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03/23/2016

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Ed Rush

Why is it called a sport coat? What does it have to do with any known sport? And I agree totally about the frustration of fake pockets.

Mike Peterson

I checked my assumption and was right, that the coats began as hunting jackets, then became casual wear for watching sports and part of uniforms for cricket/rugby/football sorts of sportsmen.

My suspicion came from the fact that I did a lot of reporting jobs in shooting jackets because of their capacious pockets and yet sort of LLBeanish fashionable look. Notebooks, camera, film, all sorts of stuff could be in there permanently, a very good thing when, for instance, you thought you were going to lunch and found yourself at a bank robbery.

Or a cricket match, of course. A little less likely, but semper paratus.

Mark Jackson

You linked to the wrong trailer. Here's the real one:

http://nerdist.com/batman-with-a-ukulele-battles-superman-with-bagpipes/

Mary in Ohio

Actually, some of them HAVE pockets, but the seams are sewn shut so you can't cram stuff in and spoil the line. Undo the inner seam and you have access to a pocket I know, because my black (women's) blazer had to be modified so I could carry my car keys when I attended weddings or funerals. And women's clothes have a LOT fewer pockets than men's !

Ed Rush

Thanks for the reply.

Ed Rush

Mark: That link is just too cool!

Robin (from racs)

I've spent enough time in my life working (at least tangentially) with tailors to have always known what's going on with that pocket stitching. For men's jackets (and serious women's jackets), those are in fact real pockets. They're sewn shut with basting stitches during the construction of the jacket to keep the opening from stretching or being pressed out of shape during finishing, handling, shipping, display, etc. In the old days, the shop staff routinely cut the basting before handing it over to the customer. These days, when more of us do self-serve shopping and just bring the goods to the register, we have to do it ourselves. So grab your seam ripper or a nail scissors and pull out the basting stitches; you'll notice they're larger than regular seam stitching and come loose quite easily.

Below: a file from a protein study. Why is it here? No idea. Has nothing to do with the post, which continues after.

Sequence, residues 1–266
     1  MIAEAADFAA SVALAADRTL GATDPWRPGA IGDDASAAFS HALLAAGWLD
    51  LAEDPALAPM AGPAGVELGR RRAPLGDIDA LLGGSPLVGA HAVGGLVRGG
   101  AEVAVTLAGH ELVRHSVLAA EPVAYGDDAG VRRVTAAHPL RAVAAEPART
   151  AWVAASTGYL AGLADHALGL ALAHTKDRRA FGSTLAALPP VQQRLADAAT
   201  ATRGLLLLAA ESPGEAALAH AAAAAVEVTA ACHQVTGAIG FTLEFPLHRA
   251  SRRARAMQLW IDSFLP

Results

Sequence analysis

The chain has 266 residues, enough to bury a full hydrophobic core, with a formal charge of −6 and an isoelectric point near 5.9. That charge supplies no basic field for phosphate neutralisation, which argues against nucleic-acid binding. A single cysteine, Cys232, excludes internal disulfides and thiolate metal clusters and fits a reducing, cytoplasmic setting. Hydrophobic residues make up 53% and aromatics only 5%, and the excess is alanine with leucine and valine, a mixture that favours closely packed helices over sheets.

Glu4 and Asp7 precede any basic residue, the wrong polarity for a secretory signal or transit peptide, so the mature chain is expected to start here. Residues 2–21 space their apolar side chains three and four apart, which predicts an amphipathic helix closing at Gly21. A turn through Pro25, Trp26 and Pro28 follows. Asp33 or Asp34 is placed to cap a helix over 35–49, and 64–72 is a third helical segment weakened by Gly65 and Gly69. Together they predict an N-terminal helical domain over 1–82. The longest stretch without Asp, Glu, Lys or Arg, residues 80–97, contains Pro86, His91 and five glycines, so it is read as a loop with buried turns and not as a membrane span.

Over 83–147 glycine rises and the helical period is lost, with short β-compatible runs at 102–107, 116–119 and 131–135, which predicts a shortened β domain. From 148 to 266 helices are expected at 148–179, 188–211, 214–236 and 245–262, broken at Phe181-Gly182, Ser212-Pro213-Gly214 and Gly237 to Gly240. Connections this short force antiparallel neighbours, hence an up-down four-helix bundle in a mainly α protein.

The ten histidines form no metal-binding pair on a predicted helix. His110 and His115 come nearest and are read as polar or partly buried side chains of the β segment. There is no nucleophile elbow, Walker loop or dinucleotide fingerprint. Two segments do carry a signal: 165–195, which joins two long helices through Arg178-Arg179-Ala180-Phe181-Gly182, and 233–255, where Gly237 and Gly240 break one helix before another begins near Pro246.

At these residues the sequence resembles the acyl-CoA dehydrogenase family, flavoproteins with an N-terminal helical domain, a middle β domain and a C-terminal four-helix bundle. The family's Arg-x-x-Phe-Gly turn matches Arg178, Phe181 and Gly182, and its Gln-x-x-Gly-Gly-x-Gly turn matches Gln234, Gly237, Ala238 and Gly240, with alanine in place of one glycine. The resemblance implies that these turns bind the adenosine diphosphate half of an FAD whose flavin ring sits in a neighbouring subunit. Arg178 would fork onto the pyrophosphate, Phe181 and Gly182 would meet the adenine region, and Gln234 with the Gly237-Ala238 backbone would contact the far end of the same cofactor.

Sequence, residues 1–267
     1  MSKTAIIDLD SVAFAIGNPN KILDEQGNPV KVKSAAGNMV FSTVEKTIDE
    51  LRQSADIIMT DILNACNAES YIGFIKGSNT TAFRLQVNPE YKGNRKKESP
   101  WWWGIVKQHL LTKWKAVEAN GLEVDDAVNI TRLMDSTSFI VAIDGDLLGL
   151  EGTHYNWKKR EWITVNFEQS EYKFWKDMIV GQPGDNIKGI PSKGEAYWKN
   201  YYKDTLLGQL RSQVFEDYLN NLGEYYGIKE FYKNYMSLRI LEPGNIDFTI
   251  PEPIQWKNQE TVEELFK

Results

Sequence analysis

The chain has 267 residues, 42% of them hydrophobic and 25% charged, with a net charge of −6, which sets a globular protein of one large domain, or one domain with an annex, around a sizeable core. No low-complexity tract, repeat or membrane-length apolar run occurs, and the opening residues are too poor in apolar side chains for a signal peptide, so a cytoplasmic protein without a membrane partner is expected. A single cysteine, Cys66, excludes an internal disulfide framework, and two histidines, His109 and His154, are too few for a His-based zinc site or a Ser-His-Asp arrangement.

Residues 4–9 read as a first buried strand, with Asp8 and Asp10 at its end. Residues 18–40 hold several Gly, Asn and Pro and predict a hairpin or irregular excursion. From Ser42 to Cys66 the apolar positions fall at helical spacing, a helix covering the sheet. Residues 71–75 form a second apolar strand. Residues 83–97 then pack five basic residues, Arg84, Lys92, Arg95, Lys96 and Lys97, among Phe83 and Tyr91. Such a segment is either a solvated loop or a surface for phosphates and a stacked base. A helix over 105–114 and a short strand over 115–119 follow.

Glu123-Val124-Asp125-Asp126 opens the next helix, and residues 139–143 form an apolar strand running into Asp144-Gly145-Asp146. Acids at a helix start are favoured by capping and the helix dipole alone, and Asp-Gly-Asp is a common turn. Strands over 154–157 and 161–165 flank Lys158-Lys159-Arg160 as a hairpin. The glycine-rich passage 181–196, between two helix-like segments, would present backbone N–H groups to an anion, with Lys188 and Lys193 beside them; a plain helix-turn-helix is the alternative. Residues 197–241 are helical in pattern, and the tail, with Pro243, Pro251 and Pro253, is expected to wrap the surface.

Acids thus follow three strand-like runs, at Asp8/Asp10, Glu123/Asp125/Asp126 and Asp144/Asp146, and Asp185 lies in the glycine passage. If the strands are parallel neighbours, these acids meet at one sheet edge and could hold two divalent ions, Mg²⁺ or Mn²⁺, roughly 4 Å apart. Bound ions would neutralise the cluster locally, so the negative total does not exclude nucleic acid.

I've stopped being surprised at how few people know about this. I've opened pockets for many of my male friends and some of the women as well. Even when I buy used blazers at thrift stores, chances are good that the pockets were never cut.
(Too often, though, women's brands do have just flaps, no pocket underneath, both because it's cheaper and it's expected that we'll carry purses anyway. I need my pockets, and I've even passed up jeans because the decorative watch pocket isn't big enough to hold my actual pocketwatch.)

Mike Peterson

True of the relatively expensive Italian blazer I got at a going-out-of-business sale, not true of the cheapo JC Penney blazers I can afford the rest of the time.

And that little pocket in your jeans is called a "watch pocket" because you're supposed to watch your dog at the park and, when he poops, take a bag out of that pocket and pick it up. Very handy, holds three or four bags at a time.

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